Your Portable Earthquake Kit

Today’s Daily Yomiuri (English language) newspaper has an article about what you should carry with you every time you go out. This may seem like a case of earthquake paranoia but the fact is that after the earthquake on March 11th 2011, or the Great East Japan Earthquake, millions of people were stranded in the Tokyo area because all the train lines stopped. Some started running again around 11pm (the quake was at 2:46pm), and some started running later but that night there were huge numbers of people stranded at work, forced to sleep somewhere (for example institutions with large halls etc. opened to anyone who needed somewhere to shelter) or who walked home 20 or 30 kilometres in the dark. While I have heard anecdotal stories about other people’s experiences, I was lucky to be at home when the quake happened. Three Japanese friends who were here at the time stayed the night because they couldn’t get home (and I was glad of the company, it was not a time to be alone), and over one hundred students and over twenty members of staff had to stay at school.

As you may have considered, when the trains did start running again, there were many thousands of people anxious to get home, and this resulted in terrible crushes, far greater than the usual rush hour unpleasantness. I heard from a friend that another friend of hers was stranded in Shibuya, and waited there until the trains started running again. She was so crushed on the train that by the time she reached her destination she had cracked ribs, and was so traumatised by the experience of being first stranded then crushed, that for months afterwards she carried a fairly hefty rucksack with her whenever she went out with plenty of supplies in case it happened again.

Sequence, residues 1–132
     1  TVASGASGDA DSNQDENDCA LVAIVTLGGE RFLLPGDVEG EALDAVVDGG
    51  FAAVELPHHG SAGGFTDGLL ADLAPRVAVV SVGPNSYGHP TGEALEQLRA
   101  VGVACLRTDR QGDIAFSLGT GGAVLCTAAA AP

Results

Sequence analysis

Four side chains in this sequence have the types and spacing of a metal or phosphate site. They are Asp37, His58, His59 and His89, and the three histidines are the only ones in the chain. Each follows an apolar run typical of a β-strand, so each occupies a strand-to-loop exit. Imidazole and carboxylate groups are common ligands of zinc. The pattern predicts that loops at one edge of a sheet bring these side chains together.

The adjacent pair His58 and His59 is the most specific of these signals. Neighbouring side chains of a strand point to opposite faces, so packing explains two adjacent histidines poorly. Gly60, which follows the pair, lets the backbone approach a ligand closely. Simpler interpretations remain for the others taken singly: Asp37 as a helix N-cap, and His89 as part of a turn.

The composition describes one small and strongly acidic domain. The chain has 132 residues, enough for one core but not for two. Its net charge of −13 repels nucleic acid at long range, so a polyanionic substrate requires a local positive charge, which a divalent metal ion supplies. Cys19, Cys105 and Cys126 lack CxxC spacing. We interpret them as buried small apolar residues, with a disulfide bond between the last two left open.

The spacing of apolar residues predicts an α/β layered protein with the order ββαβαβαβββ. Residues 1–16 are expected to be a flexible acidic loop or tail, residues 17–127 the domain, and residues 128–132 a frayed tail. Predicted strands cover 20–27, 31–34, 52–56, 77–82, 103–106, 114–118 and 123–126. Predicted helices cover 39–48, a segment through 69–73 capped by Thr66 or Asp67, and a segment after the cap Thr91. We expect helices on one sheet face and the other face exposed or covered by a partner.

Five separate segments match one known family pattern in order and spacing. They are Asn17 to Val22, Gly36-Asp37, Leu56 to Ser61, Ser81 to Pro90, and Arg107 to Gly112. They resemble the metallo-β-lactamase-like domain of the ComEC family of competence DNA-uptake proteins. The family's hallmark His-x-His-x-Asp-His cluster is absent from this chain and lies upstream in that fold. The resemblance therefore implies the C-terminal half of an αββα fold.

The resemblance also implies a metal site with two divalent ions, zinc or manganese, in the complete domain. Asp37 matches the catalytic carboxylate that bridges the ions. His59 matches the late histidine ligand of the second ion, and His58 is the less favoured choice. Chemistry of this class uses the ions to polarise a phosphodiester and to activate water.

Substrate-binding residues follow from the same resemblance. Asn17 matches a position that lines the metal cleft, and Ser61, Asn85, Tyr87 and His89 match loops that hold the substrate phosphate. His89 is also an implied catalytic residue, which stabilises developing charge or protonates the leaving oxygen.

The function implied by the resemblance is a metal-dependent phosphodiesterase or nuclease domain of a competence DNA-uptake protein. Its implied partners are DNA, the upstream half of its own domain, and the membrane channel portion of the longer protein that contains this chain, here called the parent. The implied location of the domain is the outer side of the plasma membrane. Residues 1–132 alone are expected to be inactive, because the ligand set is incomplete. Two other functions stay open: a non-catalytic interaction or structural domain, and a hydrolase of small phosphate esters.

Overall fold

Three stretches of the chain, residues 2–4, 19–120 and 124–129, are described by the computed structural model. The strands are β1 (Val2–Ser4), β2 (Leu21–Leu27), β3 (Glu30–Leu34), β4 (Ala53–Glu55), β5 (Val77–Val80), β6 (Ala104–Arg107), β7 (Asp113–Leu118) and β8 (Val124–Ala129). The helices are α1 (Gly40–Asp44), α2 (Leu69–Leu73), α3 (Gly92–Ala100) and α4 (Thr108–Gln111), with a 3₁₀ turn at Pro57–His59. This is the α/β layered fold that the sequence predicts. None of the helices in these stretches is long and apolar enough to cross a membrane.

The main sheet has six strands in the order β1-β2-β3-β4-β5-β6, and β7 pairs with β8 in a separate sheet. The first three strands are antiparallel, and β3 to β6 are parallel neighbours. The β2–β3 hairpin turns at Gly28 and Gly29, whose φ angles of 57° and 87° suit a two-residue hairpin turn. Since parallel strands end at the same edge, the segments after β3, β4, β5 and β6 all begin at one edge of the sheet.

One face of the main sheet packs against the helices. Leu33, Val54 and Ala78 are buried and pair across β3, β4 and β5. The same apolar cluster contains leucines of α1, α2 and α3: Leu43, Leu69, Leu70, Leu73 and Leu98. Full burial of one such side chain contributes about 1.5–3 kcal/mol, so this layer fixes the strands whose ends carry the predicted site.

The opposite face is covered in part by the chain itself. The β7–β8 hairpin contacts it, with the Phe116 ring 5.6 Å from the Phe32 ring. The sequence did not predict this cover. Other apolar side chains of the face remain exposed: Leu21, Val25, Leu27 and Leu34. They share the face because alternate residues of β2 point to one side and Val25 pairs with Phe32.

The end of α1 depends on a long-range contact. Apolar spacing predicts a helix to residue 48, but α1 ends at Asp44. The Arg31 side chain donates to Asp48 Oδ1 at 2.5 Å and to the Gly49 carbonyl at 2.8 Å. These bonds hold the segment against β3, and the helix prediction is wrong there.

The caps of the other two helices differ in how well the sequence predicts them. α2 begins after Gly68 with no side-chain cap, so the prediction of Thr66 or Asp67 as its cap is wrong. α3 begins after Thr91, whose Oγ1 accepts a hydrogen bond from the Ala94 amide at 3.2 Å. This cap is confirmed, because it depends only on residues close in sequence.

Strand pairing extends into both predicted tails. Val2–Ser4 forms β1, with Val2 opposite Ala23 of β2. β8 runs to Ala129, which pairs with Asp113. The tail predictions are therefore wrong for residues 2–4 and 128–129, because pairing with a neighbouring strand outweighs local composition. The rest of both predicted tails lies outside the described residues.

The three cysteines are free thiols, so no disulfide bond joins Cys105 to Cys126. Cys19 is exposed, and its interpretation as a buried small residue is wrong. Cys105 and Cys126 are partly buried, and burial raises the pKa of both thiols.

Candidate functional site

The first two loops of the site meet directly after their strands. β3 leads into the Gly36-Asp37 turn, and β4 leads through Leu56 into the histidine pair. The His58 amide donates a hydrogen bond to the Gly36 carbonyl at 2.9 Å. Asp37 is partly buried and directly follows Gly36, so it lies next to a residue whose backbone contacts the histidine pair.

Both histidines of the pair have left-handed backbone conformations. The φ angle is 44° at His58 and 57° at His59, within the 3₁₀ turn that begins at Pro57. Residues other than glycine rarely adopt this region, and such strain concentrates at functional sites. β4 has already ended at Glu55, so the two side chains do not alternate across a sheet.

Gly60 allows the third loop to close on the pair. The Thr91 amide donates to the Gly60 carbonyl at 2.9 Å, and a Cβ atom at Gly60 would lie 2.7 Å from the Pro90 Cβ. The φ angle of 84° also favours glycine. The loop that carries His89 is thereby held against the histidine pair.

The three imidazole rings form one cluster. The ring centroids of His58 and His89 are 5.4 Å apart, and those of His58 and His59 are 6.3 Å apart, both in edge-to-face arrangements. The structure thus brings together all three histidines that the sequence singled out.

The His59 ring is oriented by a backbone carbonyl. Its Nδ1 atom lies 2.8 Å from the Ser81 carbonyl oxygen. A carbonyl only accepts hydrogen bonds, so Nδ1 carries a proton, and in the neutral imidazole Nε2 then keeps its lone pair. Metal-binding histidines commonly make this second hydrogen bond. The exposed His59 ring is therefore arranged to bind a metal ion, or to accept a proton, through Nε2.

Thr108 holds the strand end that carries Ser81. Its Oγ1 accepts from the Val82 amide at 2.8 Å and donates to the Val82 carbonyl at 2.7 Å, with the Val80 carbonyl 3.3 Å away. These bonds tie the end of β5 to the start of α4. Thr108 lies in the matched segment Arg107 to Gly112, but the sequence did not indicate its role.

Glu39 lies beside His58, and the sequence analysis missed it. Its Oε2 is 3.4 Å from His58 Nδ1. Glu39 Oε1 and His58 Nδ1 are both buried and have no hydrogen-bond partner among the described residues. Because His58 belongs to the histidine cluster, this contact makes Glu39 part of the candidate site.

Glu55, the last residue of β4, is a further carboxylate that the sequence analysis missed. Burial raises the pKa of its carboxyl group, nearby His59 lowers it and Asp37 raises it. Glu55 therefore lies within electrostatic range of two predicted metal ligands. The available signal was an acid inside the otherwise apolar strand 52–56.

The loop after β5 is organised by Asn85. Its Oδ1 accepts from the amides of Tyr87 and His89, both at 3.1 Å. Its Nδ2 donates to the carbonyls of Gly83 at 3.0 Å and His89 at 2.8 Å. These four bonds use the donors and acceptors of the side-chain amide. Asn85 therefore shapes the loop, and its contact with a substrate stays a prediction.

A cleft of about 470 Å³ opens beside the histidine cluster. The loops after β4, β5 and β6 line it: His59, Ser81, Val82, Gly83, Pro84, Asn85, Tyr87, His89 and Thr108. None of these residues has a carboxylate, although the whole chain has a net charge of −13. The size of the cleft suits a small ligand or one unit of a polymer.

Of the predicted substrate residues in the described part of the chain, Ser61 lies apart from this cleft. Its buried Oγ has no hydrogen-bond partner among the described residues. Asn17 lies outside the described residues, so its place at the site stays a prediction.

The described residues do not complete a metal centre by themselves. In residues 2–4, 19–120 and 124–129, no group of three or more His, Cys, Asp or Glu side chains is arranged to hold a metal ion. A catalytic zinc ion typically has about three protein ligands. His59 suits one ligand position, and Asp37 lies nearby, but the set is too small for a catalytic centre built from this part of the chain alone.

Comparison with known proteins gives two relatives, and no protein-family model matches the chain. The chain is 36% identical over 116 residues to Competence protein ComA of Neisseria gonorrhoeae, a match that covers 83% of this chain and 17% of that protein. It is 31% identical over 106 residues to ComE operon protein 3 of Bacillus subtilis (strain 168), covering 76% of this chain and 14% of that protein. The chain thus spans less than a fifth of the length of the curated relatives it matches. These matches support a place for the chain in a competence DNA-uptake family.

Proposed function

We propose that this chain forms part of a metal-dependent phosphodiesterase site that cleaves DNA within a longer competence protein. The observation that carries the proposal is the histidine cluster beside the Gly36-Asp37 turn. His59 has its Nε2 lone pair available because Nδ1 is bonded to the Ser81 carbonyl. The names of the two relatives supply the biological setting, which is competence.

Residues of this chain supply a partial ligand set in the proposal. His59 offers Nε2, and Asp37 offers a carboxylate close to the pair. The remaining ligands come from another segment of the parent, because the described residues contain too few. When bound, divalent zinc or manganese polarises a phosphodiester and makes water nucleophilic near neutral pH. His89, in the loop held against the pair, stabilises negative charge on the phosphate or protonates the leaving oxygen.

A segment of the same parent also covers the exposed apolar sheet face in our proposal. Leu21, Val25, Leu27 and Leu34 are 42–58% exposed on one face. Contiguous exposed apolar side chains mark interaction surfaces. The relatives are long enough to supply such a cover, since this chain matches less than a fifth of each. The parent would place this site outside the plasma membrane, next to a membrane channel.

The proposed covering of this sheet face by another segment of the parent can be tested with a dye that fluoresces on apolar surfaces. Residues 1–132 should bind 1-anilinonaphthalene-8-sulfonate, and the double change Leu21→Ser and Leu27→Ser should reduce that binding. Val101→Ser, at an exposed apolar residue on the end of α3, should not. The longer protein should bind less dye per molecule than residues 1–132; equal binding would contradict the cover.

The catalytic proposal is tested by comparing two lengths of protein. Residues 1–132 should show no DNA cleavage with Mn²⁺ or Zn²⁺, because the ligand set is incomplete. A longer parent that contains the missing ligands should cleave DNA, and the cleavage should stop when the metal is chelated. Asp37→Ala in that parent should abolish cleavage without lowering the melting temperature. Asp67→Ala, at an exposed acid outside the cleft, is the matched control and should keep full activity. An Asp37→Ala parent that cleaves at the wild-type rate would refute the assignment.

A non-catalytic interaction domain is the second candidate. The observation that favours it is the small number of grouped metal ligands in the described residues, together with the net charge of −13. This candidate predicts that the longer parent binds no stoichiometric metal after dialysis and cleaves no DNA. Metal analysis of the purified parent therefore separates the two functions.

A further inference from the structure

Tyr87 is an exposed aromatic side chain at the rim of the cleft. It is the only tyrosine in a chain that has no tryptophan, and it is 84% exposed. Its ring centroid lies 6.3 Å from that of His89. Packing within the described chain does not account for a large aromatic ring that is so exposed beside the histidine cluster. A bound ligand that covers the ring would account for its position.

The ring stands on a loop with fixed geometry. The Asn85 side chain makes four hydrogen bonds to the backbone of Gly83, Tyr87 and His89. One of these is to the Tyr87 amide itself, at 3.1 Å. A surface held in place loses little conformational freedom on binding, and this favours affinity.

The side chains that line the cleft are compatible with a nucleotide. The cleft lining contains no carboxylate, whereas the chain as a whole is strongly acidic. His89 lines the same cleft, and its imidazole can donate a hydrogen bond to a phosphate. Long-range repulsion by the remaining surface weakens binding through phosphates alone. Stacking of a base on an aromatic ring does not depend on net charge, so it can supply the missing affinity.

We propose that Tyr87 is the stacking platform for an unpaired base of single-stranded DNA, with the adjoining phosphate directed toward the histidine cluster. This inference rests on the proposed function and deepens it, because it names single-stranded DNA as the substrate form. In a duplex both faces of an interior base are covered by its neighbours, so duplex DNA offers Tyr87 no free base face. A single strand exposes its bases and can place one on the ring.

So, today’s article, titled Going Out? Got Your Emergency Supplies? caught my attention. Here is the list of recommended articles:

* 500ml drinking water

* Ready-to-eat foods (e.g. chocolate or candy) but maybe nuts or power bars are better?

* A whistle (to attract attention if you are trapped somewhere)

* A flashlight

* A portable radio (e.g. a tiny credit-card size one to keep up with emergency broadcasts and the latest information) but you could also make sure you have apps for radio on your smartphone

* Emergency contact information (e.g. phone numbers for other family members) and a copy of your ID.

* Writing implements and cash (including ¥10 coins for pay phones)

This kind of makes sense, since right after the earthquake the mobile phone networks got overloaded and couldn’t be relied on. Since this also happens regularly around midnight on New Year’s Eve every year it’s reasonable to expect it to happen after any large earthquake. However, on March 11th the landlines weren’t working either and I had to use Skype to contact my parents in the UK even over an hour later, and since almost everyone has a mobile phone now it’s not so easy to find a pay phone.  So, ¥10 coins?  Probably worth carrying, but it might take you a while to get through to anyone no matter which method you use. It would be better to make sure you carry the means of recharging your mobile phone, and if you have a smartphone to add apps like Skype or Viber.